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22 Oct 07
Energy poses major 21st century crisis: scientists
Energy poses one of the greatest threats facing humanity this century, the world's leading academies of science warned Monday, highlighting the peril of oil wars and climate change driven by addiction to fossil fuels.
Nations must provide power for the 1.6 billion people who live without electricity and wean themselves off energy sources that stoke global warming and geopolitical conflict, the scientists demanded.
"Making the transition to a sustainable energy future is one of the central challenges humankind faces in this century," they said.
Their report, "Lighting the Way: Toward A Sustainable Energy Future," is published by the InterAcademy Council, whose 15 members include the national science academies of the United States, Britain, France, Germany, Brazil, China and India.
It was authored by a 15-member panel whose co-chaired was 1997 Nobel Physics laureate Steven Chu of the United States.
"Overwhelming scientific evidence shows that current energy trends are unsustainable," the report said bluntly.
Its authors sounded a special alarm over the surge in the building of conventional coal-fired power plants in China and other developing countries, as such infrastructure will doubtless be entrenched for decades to come.
"The substantial expansion of coal capacity that is now under way around the world may pose the single greatest challenge to future efforts aimed at stabilising carbon dioxide (CO2) levels in the atmosphere," the report warned.
Managing the greenhouse-gas "footprint" of these plants while encouraging a conversion to carbon capture and storage (CCS) will be a mighty technological and economic challenge, it said.
CCS means piping off CO2 at a plant and then pumping it into geological chambers deep underground, such as disused oilfields, rather than releasing it into the atmosphere.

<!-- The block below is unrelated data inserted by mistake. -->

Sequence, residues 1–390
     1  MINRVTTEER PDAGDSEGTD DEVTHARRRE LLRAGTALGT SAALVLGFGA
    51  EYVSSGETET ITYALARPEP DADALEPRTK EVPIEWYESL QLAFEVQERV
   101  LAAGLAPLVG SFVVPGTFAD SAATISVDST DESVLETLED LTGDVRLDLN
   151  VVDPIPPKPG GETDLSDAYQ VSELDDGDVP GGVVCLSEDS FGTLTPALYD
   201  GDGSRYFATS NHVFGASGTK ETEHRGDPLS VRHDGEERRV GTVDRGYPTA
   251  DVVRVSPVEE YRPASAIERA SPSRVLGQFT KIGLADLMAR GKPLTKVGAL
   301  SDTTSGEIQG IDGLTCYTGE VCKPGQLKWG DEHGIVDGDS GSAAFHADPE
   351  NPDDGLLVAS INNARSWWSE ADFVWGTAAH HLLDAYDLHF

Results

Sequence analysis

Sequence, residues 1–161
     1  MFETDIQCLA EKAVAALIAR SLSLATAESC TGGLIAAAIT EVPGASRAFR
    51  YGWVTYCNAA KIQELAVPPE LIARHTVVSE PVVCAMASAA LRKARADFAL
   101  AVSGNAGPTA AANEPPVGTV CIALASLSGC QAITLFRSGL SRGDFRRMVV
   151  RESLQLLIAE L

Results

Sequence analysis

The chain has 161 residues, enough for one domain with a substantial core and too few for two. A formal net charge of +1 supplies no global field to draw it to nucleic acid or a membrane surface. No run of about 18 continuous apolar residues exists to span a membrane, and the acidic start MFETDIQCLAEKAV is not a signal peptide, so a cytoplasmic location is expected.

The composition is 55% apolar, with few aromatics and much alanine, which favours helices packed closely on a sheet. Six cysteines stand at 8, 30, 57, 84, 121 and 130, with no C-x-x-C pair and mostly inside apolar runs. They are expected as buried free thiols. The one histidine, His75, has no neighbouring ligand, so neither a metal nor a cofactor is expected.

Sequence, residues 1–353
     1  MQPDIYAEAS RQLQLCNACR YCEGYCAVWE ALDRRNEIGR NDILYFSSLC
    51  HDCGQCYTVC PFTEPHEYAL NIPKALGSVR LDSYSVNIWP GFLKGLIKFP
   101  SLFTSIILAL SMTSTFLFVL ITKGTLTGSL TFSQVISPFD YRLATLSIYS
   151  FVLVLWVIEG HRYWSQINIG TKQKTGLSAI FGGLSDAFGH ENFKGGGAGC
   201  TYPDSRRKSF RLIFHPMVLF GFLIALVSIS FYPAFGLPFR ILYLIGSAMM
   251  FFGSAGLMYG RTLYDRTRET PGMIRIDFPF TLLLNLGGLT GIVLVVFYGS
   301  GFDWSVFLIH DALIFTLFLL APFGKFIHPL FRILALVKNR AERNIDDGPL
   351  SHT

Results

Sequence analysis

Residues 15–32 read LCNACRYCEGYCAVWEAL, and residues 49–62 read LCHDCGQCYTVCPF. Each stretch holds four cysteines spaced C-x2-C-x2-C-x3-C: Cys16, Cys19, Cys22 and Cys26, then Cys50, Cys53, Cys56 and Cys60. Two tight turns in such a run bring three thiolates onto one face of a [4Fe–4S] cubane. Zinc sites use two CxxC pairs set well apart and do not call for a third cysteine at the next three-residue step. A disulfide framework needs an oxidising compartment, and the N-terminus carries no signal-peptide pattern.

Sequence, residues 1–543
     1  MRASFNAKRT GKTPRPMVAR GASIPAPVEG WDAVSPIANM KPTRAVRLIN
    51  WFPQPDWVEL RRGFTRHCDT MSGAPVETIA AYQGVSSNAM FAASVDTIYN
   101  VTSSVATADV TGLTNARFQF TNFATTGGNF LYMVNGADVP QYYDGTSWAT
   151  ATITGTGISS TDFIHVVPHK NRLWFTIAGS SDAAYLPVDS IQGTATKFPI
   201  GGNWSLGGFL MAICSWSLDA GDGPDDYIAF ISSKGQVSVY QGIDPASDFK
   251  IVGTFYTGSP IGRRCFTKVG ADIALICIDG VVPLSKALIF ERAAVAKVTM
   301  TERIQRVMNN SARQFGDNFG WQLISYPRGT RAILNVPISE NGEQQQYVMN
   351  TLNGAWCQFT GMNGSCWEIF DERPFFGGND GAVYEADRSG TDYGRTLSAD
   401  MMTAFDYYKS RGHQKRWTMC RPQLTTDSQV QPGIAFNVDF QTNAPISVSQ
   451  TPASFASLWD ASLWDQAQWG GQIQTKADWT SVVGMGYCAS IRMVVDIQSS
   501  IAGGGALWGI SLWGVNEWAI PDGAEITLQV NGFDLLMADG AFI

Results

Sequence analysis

Many scientists view this pilot technology warily, waiting to be convinced that CCS is safe, for a chamber breach could have potentially catastrophic consequences for the climate system.
The report also appealed for a planet-wide drive in favour of energy efficiency to reduce carbon emissions.
And it spoke loudly in favour of renewable energy, describing its potential as "untapped" and offering "immense opportunities" for poor countries that are rich in sunlight and wind but poor in cash to buy oil and gas.
Nuclear power, as a low-carbon resource, "can continue to make a significant contribution to the world's energy portfolio in the future, but only if major concerns related to capital cost, safety and weapons proliferation are addressed," it cautioned.
Turning to biofuels, the scientist said that these sources hold "great promise", but only through a switch to second-generation sources.
At present, feedstocks such as sugar cane and corn are the main source for biofuels, which is having an effect on global food prices. A more promising, but as yet uncommercialised, goal is using lignocellulose stocks from timber chips and agricultural residues, which microbes digest into fuel.
Other dawning technologies, such as plug-in hybrid cars and hydrogen fuel cells for energy storage, can make an important niche contribution, the scientists said.
But they cautioned that the move to sustainable energy could only happen if nations work together to free up the necessary financial resources and expertise -- and setting a price for carbon to punish pollution and waste and reward clean energy was a key part of the mix.
A 2006 report by the International Energy Agency (IEA) suggested world oil consumption would rise by nearly 40 percent by 2030 as compared with 2005 levels, and CO2 emissions would increase by 50 percent over 2004 levels, under a "business-as-usual" scenario.
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